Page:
November is the National Hospice Palliative Care awareness month and this years’ theme is Courageous Conversations. These conversations can include hospice care, decision making for those final stages, and after-life choices. Simply having conversations for the terminally ill person to make those decisions can be both challenging and saddening.
There are ways that we can make it productive, yet still be sensitive to the person and their situation. We can begin this conversation by finding a private area where the person feels comfortable. It is important not to push the person into discussing anything as these decisions are quite difficult to make, and sometimes difficult to understand.
So, how does one begin the conversation about looking into Hospice? hrvv.org recommends these five conversation starters:
- “That last hospital stay seemed hard on you. I think there is a way we can avoid future hospitalizations.”
- “We can figure out how to manage your care at home.”
- “You don’t have to be in pain anymore, Hospice can help. They’re experts in pain management and caring for people with this illness.”
- “Lately, you seem to be struggling more with breathing, walking and eating.”
- “I’d like to call Hospice for you so we can see how they might be able to help you.”
If there are any pushbacks from the patient, do not force them and hold off for a different time to discuss. Give them time to process everything and respect that they may not have all the answers right now. As the decisions are being made, it is very important to respect them. What you would think is best, what their other loved ones want, and what they want can be completely different. Ultimately, it’s their life, memories, religion, and preferences.
There is a unique and fun way to begin those conversations that might make it an even more relaxed setting. The game Common Practice is a conversation game geared around living and dying and what things matter. Questions include “if you needed help going to the bathroom today, who is the first person you would ask to help,” and “who haven’t you talked with in more than six months that you would want to talk with before you died.” Asking these questions may not provide all the answers but it can lead to insight as to what is important to your patient. Be sure to track answers so that you can pass on any of those if they were to come about.
Once the more relaxed stuff has been discussed and your terminally ill patient is ready to deal with the heavier stuff, there are several things they should take care of. These things include establishing a Will and/or a Trust, Power of Attorney (legal and medical), HIPPA forms, and Marriage, divorce, or death certificates of their spouse. They should consider taking inventory of their assets, provide passwords and log in information for their computer, update financial documents and beneficiaries, address health care expenses, plans for any dependents or pets, as well as plans for Hospice or Palliative Care.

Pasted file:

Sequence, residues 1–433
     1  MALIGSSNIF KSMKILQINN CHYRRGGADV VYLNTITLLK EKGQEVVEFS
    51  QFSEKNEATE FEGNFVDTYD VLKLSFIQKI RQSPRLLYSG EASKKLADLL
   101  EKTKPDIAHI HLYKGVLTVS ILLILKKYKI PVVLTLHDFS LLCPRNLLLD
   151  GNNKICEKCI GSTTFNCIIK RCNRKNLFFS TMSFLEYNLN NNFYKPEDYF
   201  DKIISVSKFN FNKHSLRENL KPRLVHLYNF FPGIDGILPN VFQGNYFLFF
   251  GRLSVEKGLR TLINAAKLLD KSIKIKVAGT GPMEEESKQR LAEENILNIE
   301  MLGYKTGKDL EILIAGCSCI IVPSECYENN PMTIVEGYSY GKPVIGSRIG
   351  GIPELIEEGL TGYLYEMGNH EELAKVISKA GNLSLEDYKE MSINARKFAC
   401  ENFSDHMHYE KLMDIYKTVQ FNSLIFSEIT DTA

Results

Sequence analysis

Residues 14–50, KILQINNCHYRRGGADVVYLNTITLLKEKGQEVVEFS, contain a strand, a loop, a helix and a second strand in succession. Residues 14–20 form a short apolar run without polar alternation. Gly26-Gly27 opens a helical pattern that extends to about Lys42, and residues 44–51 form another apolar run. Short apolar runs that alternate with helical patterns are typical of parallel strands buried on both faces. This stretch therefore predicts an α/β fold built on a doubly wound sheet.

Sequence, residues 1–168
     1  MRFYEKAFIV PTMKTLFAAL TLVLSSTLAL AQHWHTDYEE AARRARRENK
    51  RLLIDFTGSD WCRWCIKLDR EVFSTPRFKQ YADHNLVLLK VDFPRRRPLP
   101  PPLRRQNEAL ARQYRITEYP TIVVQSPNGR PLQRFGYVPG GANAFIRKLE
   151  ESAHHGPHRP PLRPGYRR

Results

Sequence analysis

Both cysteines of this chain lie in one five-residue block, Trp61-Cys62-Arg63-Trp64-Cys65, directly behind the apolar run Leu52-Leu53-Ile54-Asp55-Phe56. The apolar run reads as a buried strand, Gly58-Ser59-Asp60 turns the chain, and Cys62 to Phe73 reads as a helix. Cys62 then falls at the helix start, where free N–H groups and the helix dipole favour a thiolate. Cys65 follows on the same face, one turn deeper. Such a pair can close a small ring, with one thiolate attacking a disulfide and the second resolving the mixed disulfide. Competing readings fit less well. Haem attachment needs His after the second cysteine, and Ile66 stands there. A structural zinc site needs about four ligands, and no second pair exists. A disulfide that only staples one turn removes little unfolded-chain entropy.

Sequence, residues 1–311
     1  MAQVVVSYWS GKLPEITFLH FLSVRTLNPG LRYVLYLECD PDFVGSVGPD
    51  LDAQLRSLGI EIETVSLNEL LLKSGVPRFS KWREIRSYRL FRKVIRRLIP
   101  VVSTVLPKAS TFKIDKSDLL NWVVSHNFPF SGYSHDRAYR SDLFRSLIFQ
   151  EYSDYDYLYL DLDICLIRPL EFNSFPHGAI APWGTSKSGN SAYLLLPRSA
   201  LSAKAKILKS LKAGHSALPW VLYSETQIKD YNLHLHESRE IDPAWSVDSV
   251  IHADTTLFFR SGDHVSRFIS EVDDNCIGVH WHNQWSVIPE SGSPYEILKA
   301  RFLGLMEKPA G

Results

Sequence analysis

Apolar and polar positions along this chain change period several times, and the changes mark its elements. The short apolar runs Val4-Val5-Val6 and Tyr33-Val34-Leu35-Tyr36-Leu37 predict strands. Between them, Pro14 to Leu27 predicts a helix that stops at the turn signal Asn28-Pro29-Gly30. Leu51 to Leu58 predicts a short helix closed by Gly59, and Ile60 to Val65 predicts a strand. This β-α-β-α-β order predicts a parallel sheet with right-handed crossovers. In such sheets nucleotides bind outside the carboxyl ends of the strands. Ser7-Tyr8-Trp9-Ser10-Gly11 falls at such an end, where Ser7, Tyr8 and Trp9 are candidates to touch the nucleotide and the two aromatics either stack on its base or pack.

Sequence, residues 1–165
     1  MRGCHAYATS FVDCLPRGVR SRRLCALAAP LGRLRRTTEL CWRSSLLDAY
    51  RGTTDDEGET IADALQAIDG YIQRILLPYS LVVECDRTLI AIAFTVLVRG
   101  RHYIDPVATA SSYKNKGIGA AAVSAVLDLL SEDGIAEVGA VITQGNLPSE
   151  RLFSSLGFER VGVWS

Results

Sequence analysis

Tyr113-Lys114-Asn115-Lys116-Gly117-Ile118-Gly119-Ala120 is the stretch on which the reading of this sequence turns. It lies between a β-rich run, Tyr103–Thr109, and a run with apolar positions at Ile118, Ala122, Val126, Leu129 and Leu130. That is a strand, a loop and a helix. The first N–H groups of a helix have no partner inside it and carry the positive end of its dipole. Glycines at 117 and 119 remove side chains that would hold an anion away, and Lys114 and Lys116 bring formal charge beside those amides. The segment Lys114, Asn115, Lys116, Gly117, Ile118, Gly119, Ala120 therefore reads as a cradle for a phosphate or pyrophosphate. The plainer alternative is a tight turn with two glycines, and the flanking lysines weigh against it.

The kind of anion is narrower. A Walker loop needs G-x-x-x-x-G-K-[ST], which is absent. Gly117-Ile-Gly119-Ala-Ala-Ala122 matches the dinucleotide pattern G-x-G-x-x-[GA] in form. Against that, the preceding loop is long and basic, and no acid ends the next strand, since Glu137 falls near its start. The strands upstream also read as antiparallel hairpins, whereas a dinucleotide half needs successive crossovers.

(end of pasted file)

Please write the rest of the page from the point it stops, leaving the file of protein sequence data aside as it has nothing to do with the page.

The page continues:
Faith Brar, journalist at Optum Perks, explains in her article that knowing what not to say to someone who is dying is just as important as the things you should discuss. Those go-to things we’ve all said at times, such as “I know what you are feeling,” “everything will be ok,” or “everything happens for a reason,” those are all phrases to avoid. We don’t know how they are feeling, there is no guarantee everything will be ok, and thinking there is some ulterior reason behind their illness can be very counterproductive. Be sure to listen before you speak and make yourself available when they are ready. Try to maintain a sense of normalcy in their presence yet be considerate of their physical abilities and energy level. Refrain from offering advice and know it’s important for them to vocalize their needs and wants. And, in turn, to not allow others to make choices for them. Ask them how you can be what they need or ways you can provide comfort or support.
In the meantime, encourage them and their family to start creating lasting memories now before they are unable to do so. Even if they cannot physically participate in activities, having them included is just as important. Encourage them to go through photos, do arts and crafts, visit places they enjoy or have always wanted to go to. Encourage family and friends to record them so they always have their voice, write letters back and forth to keep a copy of their handwriting, and take pictures and document events. They will be able to look back with peace and find that they had a great time celebrating the final stage of their life with the people they love.
For their family and friends, remind them not to hesitate to seek help for support and advice. Watching someone they love go through this is a heavy grief, and it’s hard being unable to help them in the ways we wish we could. Educating oneself on terminal illness, how it will affect the body and how to make them more comfortable will be beneficial for both the supporter and the terminally ill. And, having them join a therapy group or go to an individualized therapy session can be a great source of support and help with the healing process.